The songs on "Bodega Sessions"
(notes by Rick Shubb)
Take the Freight Train
Actually a medley of four songs: The old Elizabeth
Cotton fingerpicking standard Freight Train, Duke Ellington
and Billy Strayhorn's Take the A-Train, Chatanooga Choo-Choo,
and Atcheson, Topeka, and the Santa Fe. I assembled this
medley several years ago, and Bob and I have featured it in performances.
We've always called it "the train medley," until we renamed it
for the CD. It seemed like a nice number to start the set off
Sherlock Holmes and Dr. Watson
I first heard this by one of my favorite contemporary
groups, the Rhythm Brothers. I loved the song, and thought it
would be a good number for Bob and me, so we dug up our recording
of it by the Spirits of Rhythm and listened to that. Our version
is sort of a cross between those two sources, with some of our
own touches thrown in. Charlie Warren, our bassist on Bodega Sessions,
was on the Rhythm Brothers version of this song, too, so I suspect
he holds the record for most recordings of Sherlock Holmes and
Lullaby of Birdland
A jazz classic written by pianist George Shearing.
Bob and I have featured this for many years, and it is one of
the first numbers on which I began utilizing a "mute" on my banjo.
The "mute" consists of a pair of wooden clothespins which I have
modified so that they lock onto the banjo bridge. My use of this
setup is not so much to reduce the volume as it is to modify the
tone and response ...the clothespins reduce the attack relative
to the sustain, giving the banjo a sweeter sound; more suitable
for certain songs. This sound has become an important part of
my playing, and I've used it on five of the songs on this CD.
This chestnut is often associated with Benny Goodman
and Lionel Hampton, although it predates them. Lots of folks have
taken a whack at this one, and now we have,t oo. We tried this
song once a long time ago and it never got off the ground with
us. Then one day we hit on an arrangement and a groove that seemed
to suit us, and played it almost constantly for about three days.
That time it stuck!
Wrap Your Trouble in Dreams
The lyrics of this old standard carry a great message.
Bob does a nice job on the vocal, and I use the muted banjo to
keep it mellow.
The familiar Latin tune, our version is a banjo spasm.
I take a deep breath before the downbeat and hold it until the
tune is finished. Fortunately for me, it's a short arrangement.
A Bob Wilson original. Whenever you hear Bob playing
"finger style" guitar, he is using a flat pick and his fingers.
This enables him to incorporate various techniques which utilize
the flat pick, such as his chord soloing and single note runs,
into an otherwise "fingerpicking" type of sound. The result is
a very fluid and satisfying guitar style, which is showcased nicely
on Summer Faire. And being a Wilson tune, naturally it is harmonically
interesting with some unusual chord changes.
The Old Man of the Mountain
I first heard this in a Betty Boop cartoon, sung by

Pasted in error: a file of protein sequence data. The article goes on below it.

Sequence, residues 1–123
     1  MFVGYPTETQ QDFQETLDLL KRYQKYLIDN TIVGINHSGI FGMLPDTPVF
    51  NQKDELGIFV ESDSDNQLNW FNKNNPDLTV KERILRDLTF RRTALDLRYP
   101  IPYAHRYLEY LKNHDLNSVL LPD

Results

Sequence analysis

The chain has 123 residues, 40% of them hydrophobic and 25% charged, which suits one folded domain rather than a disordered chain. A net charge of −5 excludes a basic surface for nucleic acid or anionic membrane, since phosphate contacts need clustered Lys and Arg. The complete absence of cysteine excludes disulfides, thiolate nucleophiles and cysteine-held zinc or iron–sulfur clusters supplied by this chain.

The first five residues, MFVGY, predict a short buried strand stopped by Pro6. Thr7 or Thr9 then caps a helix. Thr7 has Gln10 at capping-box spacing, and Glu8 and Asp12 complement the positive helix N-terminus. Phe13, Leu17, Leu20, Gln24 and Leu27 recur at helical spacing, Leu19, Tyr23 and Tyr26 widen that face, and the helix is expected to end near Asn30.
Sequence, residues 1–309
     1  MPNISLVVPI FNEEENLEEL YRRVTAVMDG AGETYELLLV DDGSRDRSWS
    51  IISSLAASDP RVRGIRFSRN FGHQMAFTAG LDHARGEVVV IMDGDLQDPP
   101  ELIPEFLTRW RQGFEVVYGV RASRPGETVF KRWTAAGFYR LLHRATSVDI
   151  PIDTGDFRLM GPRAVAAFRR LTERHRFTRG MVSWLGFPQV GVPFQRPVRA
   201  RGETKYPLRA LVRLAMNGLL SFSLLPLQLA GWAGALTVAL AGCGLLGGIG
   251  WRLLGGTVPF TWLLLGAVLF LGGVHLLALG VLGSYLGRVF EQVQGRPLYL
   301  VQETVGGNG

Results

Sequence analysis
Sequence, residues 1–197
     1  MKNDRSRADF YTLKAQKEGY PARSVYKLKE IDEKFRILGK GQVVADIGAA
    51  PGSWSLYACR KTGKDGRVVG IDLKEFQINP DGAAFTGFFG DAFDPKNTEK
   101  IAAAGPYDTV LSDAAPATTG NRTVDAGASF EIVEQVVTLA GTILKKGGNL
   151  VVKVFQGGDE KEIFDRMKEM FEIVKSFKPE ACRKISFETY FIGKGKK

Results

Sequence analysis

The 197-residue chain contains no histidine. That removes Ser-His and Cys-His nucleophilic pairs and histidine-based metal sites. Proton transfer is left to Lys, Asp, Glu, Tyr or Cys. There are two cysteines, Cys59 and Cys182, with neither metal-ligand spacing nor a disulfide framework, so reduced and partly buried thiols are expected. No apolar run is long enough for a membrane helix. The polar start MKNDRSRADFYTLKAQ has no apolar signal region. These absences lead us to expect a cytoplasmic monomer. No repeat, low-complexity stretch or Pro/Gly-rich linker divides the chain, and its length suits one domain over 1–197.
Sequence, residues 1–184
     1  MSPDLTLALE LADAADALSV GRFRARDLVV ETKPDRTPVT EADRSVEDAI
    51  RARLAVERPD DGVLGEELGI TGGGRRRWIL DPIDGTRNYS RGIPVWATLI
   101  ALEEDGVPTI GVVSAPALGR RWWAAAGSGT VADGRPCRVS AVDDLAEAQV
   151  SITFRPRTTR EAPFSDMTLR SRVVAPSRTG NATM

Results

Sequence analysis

Cab Calloway. Those Fleischer cartoons were wonderful, and many
of them featured popular jazz artists. The animated "old man"
didn't resemble Cab facially, but his dance steps were unmistakable.
Whenever I sing this minor-key ditty I think of Betty clicking
up that mountain in her high heels.
Usually associated with Maurice Chevalier, our version
is an instrumental featuring muted banjo and some amazing guitar
We were kicking around this Gershwin standard one day
and Bob just couldn't seem to get an idea of how he wanted to
play it. Nothing he was doing satisfied him. Later that afternoon
we watched an old Jimmy Durante movie, Strictly Dynamite, which
included a musical number by the Mills Brothers. Even though they
didn't prominently feature the guitar, there was something about
the sound they were getting that lit the lightbulb for Bob. As
soon as the movie was over ...you can't just walk out on Jimmy
Durante ...we went back downstairs and attacked Liza with a new
approach, and Bob's fine chord solo on this tune is the result.
Thanks, Mrs. Calabash, wherever you are.
Lover Come Back to Me
We experimented with this tune years ago. We made a
cassette recording of it, but for some reason, never continued
playing it. When we had some of the material on this CD already
recorded, it occurred to us that Lover Come Back to Me would fit
in nicely, so we got out that old cassette and listened to it.
We re-learned it from our own playing, and threw in a few new
licks. I think we were right, it's a nice addition to the set.
I Cried for You
Bob takes the vocal on this one. It's interesting to
note the difference in his guitar style between the intro, where
he gets sort of a Travis sound with his flatpick-and-fingers,
and his hot solo. This song is about as close as I come to playing
bluegrass style banjo on this CD, but come to think of it, it's
not really that close.
I wrote this tune and named it for the neighborhood
in Berkeley where I lived at the time. It was an unusually prolific
period for me; the muse was staying at my apartment, and remained
for about two weeks or so. I wrote roughly a tune a day during
that time, many of which I still play. I dedicate this one to
Rob De Witt, whose talent and support kept the muse around a little
longer. Walnut Square has just a touch of bebop in it, a style
I was exploring at that time, which is enhanced by Charlie's driving
The Fats Waller classic, and a standard if there ever
was one. It's been done a lot, but its still a great melody. We
play it as an instrumental.
Bye Bye Blues
We've often used this up-tempo instrumental to close
a set, and it was a good choice to close our CD. Bob plays the
head, and we feature a lot of interplay between guitar and banjo.